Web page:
6) Do you have a schedule for when you write?  Do you outline your novels?  How long does it generally take you to finish a novel?

LOL! Schedule? Outline? Hell no. I write when the mood strikes me. I have no idea what I am going to write. I could be out on a run or in the shower and a character comes to me that prompts the first spark of the story. After that, the story just pours from my fingers once I’m on the keyboard. Sometimes, I can’t even remember what the hell I wrote, and I am just as surprised as the readers when I read the stories back.

7) Do you believe that there is ever a point in life where it’s too late for an aspiring writer to become successful in this industry?  Do you feel a late start would hinder their chances?

Listen, age is truly just a number, and sometimes the only difference is in experience. The older we get the more cynical we become or more disillusioned by life’s lessons. So, if there are any hindrances, it’s that or not – age could more likely enhance the writing.

8) Are you an avid reader and have you always been? What’s the first book you ever read that really touched you emotionally and moved you?  Who is your favorite author? What book are you currently reading?

I am an avid reader. God, I am always reading. I love to read. But, I never read serious stuff – life’s too real as it is. I can’t remember the first book that touched me emotionally. I have always read, even romance novels I remember reading my mother’s Mills and Boons. I can’t say I have a favorite author either, there are too many authors that I love to read – from Judith McNaught, Julie Garwood, Johanna Lindsey in historical romances, Maureen Smith and Brenda Jackson in African American romances, to Lynne Graham, Michelle Reid and Lucy Monroe, Suzanne Wright, etc., etc. On my Kindle now is “Return of the Moralis Wife” by Jacqueline Baird. See – old and new – I’ve never stopped reading!

9) How has the current state of the world affected your writing? Because writing is an isolated practice, do you find it easier to deal with quarantine? Has it stifled your creativity or has it made you even more driven to get things done?

The current state hasn’t affected me too significantly, other than curtailing my travels. Ultimately, I am a home body, so I hardly notice the isolation. LOL! The current state has probably helped my writing because I have more time, but otherwise, not much has changed.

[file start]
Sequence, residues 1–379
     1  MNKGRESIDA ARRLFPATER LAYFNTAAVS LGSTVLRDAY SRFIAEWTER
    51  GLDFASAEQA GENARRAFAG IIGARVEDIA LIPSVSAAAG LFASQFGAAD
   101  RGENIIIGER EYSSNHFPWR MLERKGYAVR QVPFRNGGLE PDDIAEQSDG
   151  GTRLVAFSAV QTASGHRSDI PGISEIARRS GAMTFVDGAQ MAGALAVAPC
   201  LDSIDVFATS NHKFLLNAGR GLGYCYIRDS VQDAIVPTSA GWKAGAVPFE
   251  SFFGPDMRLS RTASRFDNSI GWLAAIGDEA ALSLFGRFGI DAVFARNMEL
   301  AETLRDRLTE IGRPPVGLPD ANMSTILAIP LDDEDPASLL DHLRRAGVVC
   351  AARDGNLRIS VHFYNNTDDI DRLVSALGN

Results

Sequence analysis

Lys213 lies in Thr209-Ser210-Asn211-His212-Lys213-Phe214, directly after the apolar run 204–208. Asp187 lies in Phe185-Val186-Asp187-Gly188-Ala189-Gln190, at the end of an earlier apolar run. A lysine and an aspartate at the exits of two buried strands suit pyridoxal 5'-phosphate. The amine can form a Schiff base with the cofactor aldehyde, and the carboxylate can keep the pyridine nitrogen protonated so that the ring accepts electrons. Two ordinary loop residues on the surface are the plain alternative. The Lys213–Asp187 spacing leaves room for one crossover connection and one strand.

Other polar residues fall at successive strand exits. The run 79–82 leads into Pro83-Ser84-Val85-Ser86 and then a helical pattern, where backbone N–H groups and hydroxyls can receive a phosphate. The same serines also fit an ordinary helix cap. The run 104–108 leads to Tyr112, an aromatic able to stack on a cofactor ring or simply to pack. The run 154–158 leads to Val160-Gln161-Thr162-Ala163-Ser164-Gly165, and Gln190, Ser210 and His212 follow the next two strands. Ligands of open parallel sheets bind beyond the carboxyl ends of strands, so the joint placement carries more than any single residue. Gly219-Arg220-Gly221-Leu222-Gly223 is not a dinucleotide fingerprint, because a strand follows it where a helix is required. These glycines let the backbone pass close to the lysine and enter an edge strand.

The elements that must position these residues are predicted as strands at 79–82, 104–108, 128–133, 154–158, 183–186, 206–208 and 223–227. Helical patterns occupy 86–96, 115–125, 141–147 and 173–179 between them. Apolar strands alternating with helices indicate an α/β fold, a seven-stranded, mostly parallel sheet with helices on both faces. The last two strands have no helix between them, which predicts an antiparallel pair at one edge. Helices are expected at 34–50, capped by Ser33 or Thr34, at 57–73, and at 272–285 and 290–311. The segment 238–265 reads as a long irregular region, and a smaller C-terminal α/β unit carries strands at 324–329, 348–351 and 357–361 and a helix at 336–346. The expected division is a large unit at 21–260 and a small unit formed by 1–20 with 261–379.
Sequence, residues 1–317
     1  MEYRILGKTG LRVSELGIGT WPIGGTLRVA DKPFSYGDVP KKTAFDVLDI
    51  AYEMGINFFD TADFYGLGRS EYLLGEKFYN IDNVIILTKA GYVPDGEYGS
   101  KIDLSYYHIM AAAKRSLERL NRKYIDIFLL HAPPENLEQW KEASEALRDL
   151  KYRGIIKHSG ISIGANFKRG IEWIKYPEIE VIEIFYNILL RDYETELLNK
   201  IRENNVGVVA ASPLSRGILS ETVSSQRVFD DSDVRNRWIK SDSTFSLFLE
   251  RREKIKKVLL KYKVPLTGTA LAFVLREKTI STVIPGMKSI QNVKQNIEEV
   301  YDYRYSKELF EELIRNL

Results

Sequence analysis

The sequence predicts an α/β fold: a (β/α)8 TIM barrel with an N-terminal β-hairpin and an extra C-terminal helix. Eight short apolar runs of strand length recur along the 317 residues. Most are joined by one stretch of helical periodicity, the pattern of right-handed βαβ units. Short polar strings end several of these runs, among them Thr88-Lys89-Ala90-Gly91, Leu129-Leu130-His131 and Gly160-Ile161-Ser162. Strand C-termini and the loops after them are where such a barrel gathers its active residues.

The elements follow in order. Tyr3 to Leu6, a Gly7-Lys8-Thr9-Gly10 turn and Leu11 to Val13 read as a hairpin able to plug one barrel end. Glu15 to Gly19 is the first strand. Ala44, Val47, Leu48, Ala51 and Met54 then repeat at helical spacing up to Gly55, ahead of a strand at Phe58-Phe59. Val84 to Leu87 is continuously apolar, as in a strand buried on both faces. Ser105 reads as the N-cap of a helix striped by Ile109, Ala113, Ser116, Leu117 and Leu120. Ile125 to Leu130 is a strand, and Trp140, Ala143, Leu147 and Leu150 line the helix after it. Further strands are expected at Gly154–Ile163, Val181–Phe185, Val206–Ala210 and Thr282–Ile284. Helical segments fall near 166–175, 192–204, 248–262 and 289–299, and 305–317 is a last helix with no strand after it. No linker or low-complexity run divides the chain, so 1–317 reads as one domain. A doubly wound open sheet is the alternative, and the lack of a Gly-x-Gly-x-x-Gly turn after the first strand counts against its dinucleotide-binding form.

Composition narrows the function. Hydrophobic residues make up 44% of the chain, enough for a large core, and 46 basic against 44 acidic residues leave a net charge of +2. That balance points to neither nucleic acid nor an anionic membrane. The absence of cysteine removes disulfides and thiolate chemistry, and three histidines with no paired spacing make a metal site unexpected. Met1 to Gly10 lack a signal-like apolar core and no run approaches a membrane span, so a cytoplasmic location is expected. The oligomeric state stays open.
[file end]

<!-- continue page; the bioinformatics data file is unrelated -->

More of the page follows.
10) What are your thoughts about how the publishing industry as it is being represented today? Do you lean more towards traditional publishing or self-publishing as a preference? Does being a hybrid author interest you? 

I don’t know enough about the publishing industry to comment on it. Other than being rejected by a few publishers when I first started, I have self-published ever since and never looked back. I would have to review what being a hybrid author would entail if presented with it. I never say never to anything. 

11) I feel like writing is a remarkable tool to help people not only express themselves, but also to cope emotionally and mentally.  I know for me I write to be and feel more authentic. What unique quality is there about you, about your art, that you feel represents your authenticity?  How does writing help you to be more empowered in your purpose?

Wow! I don’t really know if writing helps me to cope or not because I have always written, mostly in my head, but now I finish it in the form of a book. Writing is part of who I am, and it has always been. I once had an interviewer get really upset with me because I didn’t have writing on my resume, and I was shocked at how upset she got. I am an accountant and banker by profession. So, I don’t look at writing as something that is part of that professional resume. Writing to me is as essential as breathing. It’s part of me, and I can’t remember a time when it wasn’t.